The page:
Tuesday, July 11, 2006

For as much action as we’ve had already, we’ve had a couple of days of rest.

The rest of Saturday we bunkered in and made a general search of our place. It was much more difficult to move around without the streetlights, and we couldn’t find an easy solution to this. We shut the blinds as tight as we could, and turned on the lights in rooms that didn’t have windows, and light candles. We didn’t want to be detected, but it we rationalized it was necessary for these first few hours.

The girls set up the rooms and scoured the place for food. I found some more chains in the barn and locked the gate up the best I could manage. The place was very satisfactory. There was a wine cellar in the garage, the perfect ‘keep’ of our castle. Tayva and I would have to make Molotov cocktails of them before the others found it; we didn’t want anyone drinking when we were in crisis mode. The place could be turned into a fortress. There was a considerable stack of wood in the barn that I used to barricade up windows. We moved an old piano in front of the main door, and angled a couch against the back.

Someone had been into the fridge, and it was mostly bare, accept for some cheeses, frozen bread, and condiments. They had an entire cupboard full of jams and jellies (what an old people thing), which was kind of cool. But the real goldmine was in the wine cellar, where under a blanket we found several boxes of dehydrated beans, beef, and many assorted vegetables. They had food storage! I wondered if they were Mormon.

We ate the last of our fruit that night, sitting on the carpet in a circle in front of the TV. No one wanted to turn it on and learn of new horrors. For now, we relaxed in our haven. Karol made an eggplant stew thing that wasn’t just edible, it was delicious! We devoured as much as we could, sitting in the candle light, and laughed as much as we were emotionally capable. Sharon seems to be breaking out of her shell, though I imagine she is still very depressed. I made fun of her for shying away from the idea of cooking up the sheep outside. She told us all stories of when her family had three sheep they bought from a flea market and never had the heart to give away, even after three moves across the country.

“I… don’t know what happened to my family.” Sharon said, finally, looking to the ground, setting a somber mood.

“I was angry at them when they told me I couldn’t go see Kyle Hanson after school any more. I walked out on them, went to one of my friends down the street.” Tears started dripping down her cheeks, and she spoke softly, “The next day, the… sun… it didn’t come up. I ran back to my house. They weren’t there. They were…” she sobbed for a few seconds. Karol and Angelina both put their arms around the girl.

“All I found was a note, telling me to stay there if I came back. They were out looking for me. I stayed there for two days, and they didn’t come back. They didn’t answer their cell phones… they just… disappeared. Right along with the sun.” She broke out crying.

“I think we all have lost something, everyone on the planet, and it’s not just the sun.” Karol spoke through sobs. There had still been no word from her boyfriend.

What had I lost? I was a single guy with very few connections. Worse, until this crisis I lived a lot of my day in dreams. My family, yes… but…

My family! I remembered that moment I hadn’t contacted them for a day and a half.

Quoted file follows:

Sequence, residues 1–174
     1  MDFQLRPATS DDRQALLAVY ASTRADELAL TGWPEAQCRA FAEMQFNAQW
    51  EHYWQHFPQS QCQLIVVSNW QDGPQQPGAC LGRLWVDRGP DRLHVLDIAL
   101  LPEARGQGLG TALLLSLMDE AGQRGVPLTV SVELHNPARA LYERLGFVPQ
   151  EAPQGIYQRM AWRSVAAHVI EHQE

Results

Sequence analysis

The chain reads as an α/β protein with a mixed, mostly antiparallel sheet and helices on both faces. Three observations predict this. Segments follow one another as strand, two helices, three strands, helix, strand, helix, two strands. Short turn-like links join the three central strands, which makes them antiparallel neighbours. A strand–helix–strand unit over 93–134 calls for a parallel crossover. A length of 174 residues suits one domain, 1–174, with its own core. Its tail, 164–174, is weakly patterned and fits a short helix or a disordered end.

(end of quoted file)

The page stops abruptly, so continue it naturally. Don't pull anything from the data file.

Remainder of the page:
“Excuse me, guys.” I made my way out of the room. I think some of the girls took it as an emotional thing. It was sad… but I wasn’t crying. I was scared for my family that I had somehow forgotten. I’m a live in the moment kind of person, and it sickens me to say this, but I hadn’t really noticed my family had existed while trying to protect these three… four women. How old was Sharon?

Cell phone out. I dialed.

“Come on. Pick up, Mom. Dad. Anybody.” The phone ringed five times and I tapped it nervously.

“Michael!” My Mom’s voice came through the phone.

“Mom! Hey! I’m here! I’m alive!” I said.

“Where’ve you been?!” She nearly yelled.

“It’s okay; I’m here in a house, barricaded up, with four friends of mine. We’ve got food, water. We’re good. Except for our impending death by suffocation, we’re good.”

“My battery is running out, Michael.” My Mom began getting frantic as she usually did when she was crunching for time. “I need to tell you that the family has all met and we’re going on a caravan down to Jill’s. Except for you and some of the other tweens, we’re together, and we want you to come down as soon as you can.”

“We’re going to Jill’s place? What? Jill lives in the middle of the wilderness, in a canyon, Mother. Why?”

“Uncle Ray remembers Jill’s blessing said that her family would gather to her home in the time of darkness. We had a prayer, and we believe that’s what the Lord wants.”

“That’s… oddly specific, Mom. Are you sure that’s what her blessing said? Uncle Ray is pretty old, you know?”

“He was telling the truth, I felt it, Michael. You need to come as soon as you can.”

“Alright, alright. So you guys are fine?”

“Yes… we’re all fine. But we’re moving out tonight at midnight… and… after that I don’t know…” she began crying, “If we’ll have cell phone coverage… and… I love you, baby.”

“Mom, I love you, too. Don’t worry. I’ll see you again. Maybe not right now, but I’ll find you. Is Dad there?”

“He’s here.”

“I love you, Mom. Put him on.”

“Michael?”

“Dad!”

“I’m so glad you’re safe!”

“Dad, I don’t know how long Mom’s cell phone will last, but I just wanted to tell you, that I love you.”

“I’ve always been proud of you Mike; I’ve always believed in you, you know that? I know you’ll find us. I love you, Mike.”

“Thanks Dad.”

The phone was dead.

And then, in two hours… there was light.

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